I picked up the front facing photo of the girl and held it up to the monitor, trying to determine if I was on the right track. The broken nose made it difficult to tell if I’d gotten it just right, but I thought it was close enough. I leaned in, scrutinizing both.
The longer I stared between the two, the photo of the unfortunate Dahlia Doe with her twisted features and my flesh-less computer rendering, the more an uneasy feeling began to creep about in my stomach. I couldn’t quite nail down why, I’d seen plenty of similarly gruesome photos before. There was just something about the dead, lightless way Dahlia gazed ahead that seemed to be getting to me.
I set the photo down again and gave my cheeks a couple pinches to snap me back to reality. It wasn’t like me to become uncomfortable in the face of death. I wouldn’t have lasted long in my chosen career if that was the case. Besides, it was still early in the process and I had a lot of work to do yet. No time to be mucking about with nerves while the detectives were waiting on me.
After getting a cup of tea to give myself a short break, I sat back down at my desk and began putting the final touches on my model’s musculature.
That uneasy feeling persisted, however, even with the soothing qualities of earl grey trying to wash it down.
If anything, it was only getting worse.
Goosebumps had sprinkled themselves across the back of my neck as I filled out Dahlia’s lips. A chill settled over my shoulders while I rounded out her cheeks without that horrid cut running across them. I could feel my pulse thrumming in my neck, quick and anxious, as I tried to determine the best flesh tone to use.
Finally, I gathered all the photos up into a pile and flipped them over. I didn’t want to look at them anymore. I didn’t want her looking at me anymore. It was ridiculous, they were just pictures of a poor murdered woman who I was trying to help, but I blamed them for the cagey feeling of panic that was sweeping over me.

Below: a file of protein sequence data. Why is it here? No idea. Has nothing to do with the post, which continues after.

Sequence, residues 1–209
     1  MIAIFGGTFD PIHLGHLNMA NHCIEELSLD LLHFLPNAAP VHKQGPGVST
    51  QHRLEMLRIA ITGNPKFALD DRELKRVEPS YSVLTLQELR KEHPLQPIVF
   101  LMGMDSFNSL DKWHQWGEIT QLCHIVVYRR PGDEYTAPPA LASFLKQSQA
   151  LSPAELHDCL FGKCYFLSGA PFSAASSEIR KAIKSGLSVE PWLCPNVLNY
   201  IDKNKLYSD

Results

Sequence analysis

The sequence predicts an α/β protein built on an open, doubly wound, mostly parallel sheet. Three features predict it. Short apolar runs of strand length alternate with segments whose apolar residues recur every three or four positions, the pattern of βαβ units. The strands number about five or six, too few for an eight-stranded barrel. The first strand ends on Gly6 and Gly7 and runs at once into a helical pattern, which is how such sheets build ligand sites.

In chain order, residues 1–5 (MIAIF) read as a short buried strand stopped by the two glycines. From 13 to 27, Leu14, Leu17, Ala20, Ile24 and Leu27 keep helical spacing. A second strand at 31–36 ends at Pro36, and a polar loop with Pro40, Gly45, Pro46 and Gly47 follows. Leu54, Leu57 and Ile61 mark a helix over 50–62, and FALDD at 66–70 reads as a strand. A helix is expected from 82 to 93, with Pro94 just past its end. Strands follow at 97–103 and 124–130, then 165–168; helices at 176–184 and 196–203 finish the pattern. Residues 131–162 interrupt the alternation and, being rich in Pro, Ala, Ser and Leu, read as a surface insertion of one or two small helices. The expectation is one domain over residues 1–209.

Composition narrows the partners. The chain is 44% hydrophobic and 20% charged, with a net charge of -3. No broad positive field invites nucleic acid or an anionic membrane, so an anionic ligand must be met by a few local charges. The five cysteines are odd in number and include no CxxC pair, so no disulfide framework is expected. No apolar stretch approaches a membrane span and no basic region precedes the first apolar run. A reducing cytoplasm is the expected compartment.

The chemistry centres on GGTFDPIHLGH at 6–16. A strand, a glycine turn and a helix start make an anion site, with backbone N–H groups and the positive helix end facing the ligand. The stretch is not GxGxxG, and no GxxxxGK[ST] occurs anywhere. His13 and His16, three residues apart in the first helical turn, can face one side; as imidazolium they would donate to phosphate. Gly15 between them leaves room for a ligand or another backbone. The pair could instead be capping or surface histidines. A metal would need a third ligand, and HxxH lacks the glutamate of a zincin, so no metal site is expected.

I got up, paced a bit, opened a window and let the cool fall air wash over me, but when I turned, the segment of Dahlia’s face that I’d been working on was still waiting for me. Her left eyebrow, almost finished.
Stop being an idiot, I told myself.
Getting so worked up over a job was unprofessional. I forced myself to retake my seat and zoomed out to look at my progress thus far and determine how much more was left to go.
My clicking slowed the further out I went. It was the eyes that I noticed first. The slight downward slope at the outside corner. And then the height of the cheekbones, giving the face an angular, sharper shape that had been lost in the swelling. The slight point that the chin came to.
I groped blindly for the photos, unable to take my eyes off the screen, and grabbed the top one. I held it up with a shaking hand and looked from the rendering to it and back again.
My mouth had gone dry. My heart hammered against my ribs. I wanted to make sense of it. I tried!
But there was no sense to be had.
I had no way to explain why the face on my screen, the one that was supposed to belong to the drainage ditch Dahlia, looked just like mine.